Special Sessions are also held here on the first Wednesday in every month, for hearing appeals, transferring and granting licenses, for the return of jury lists, and for the general transaction of highway business. Messrs. G. Hodgkinson, and J. C. Newbold, are clerks to the Justices.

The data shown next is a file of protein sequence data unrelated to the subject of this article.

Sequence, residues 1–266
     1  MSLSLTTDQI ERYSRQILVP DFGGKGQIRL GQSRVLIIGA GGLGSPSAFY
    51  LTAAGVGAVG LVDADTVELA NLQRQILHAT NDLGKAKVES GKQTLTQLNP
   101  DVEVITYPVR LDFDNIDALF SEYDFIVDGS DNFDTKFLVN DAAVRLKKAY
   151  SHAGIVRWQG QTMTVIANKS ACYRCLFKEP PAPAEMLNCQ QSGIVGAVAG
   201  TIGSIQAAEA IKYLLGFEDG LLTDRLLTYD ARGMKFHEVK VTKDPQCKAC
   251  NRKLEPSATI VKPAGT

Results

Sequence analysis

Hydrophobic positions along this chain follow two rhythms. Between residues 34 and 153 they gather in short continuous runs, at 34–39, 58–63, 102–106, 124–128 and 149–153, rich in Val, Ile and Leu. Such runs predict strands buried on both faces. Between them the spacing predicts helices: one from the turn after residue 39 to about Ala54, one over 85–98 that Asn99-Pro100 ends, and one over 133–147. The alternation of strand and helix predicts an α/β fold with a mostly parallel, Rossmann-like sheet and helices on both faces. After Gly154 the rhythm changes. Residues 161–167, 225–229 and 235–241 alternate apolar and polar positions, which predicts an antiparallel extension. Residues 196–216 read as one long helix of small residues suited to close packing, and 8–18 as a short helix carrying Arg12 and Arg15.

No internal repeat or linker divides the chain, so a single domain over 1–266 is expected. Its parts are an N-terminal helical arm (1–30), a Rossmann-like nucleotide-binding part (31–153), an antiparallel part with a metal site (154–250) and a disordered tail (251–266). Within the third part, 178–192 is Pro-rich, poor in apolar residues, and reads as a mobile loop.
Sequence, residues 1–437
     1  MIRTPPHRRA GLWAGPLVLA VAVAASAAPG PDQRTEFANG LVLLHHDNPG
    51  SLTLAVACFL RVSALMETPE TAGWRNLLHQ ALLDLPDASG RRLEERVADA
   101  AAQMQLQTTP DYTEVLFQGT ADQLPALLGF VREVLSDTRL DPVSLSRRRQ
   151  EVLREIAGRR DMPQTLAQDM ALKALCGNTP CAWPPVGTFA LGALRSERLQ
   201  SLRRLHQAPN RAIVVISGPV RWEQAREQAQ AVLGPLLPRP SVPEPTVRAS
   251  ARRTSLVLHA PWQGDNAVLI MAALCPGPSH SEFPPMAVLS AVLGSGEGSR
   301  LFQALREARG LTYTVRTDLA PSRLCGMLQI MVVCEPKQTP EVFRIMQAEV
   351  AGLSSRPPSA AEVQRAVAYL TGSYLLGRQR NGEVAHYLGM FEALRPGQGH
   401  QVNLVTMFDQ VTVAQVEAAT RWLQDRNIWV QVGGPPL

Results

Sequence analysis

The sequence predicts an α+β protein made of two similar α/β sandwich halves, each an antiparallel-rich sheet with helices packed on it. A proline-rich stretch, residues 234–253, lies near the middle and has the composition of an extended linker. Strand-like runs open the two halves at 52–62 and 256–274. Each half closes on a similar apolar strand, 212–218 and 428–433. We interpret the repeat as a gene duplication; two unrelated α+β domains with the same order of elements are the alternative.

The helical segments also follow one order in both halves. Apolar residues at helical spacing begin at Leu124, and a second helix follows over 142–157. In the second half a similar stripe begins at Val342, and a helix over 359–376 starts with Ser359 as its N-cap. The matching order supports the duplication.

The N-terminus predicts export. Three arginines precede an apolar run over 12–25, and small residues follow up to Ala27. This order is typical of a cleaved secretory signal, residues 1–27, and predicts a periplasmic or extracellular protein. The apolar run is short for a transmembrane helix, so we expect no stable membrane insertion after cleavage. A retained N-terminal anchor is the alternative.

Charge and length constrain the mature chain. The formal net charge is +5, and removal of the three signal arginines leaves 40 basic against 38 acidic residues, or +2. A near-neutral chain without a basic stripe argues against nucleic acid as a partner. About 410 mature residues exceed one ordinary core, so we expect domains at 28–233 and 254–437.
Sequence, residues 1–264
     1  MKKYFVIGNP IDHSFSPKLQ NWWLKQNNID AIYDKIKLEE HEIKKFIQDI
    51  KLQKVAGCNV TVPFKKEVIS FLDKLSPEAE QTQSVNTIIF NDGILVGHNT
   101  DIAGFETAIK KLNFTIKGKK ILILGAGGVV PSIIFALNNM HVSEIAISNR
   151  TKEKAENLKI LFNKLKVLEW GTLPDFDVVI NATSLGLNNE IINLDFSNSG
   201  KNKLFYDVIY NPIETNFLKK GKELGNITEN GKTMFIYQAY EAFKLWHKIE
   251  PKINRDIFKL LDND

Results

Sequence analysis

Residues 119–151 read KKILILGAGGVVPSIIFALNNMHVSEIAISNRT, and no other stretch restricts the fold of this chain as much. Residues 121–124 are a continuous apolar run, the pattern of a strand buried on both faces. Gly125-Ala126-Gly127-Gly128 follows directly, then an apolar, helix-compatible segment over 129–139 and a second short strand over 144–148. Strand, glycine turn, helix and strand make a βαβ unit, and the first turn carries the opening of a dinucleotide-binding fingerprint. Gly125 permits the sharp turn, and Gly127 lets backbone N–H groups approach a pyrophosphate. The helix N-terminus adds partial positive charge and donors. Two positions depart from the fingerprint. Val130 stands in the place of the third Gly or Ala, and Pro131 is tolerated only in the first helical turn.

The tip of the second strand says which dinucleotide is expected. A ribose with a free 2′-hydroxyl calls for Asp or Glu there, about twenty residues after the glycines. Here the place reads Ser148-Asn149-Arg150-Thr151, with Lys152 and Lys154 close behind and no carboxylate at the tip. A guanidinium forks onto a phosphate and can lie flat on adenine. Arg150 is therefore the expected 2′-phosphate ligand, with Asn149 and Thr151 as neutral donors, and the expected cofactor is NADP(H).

The Lock Up, North End, was erected in l842; it is a substantial building, with a residence for the superintendent constable, and contains four cells. Henry Tomlinson is the superintendent.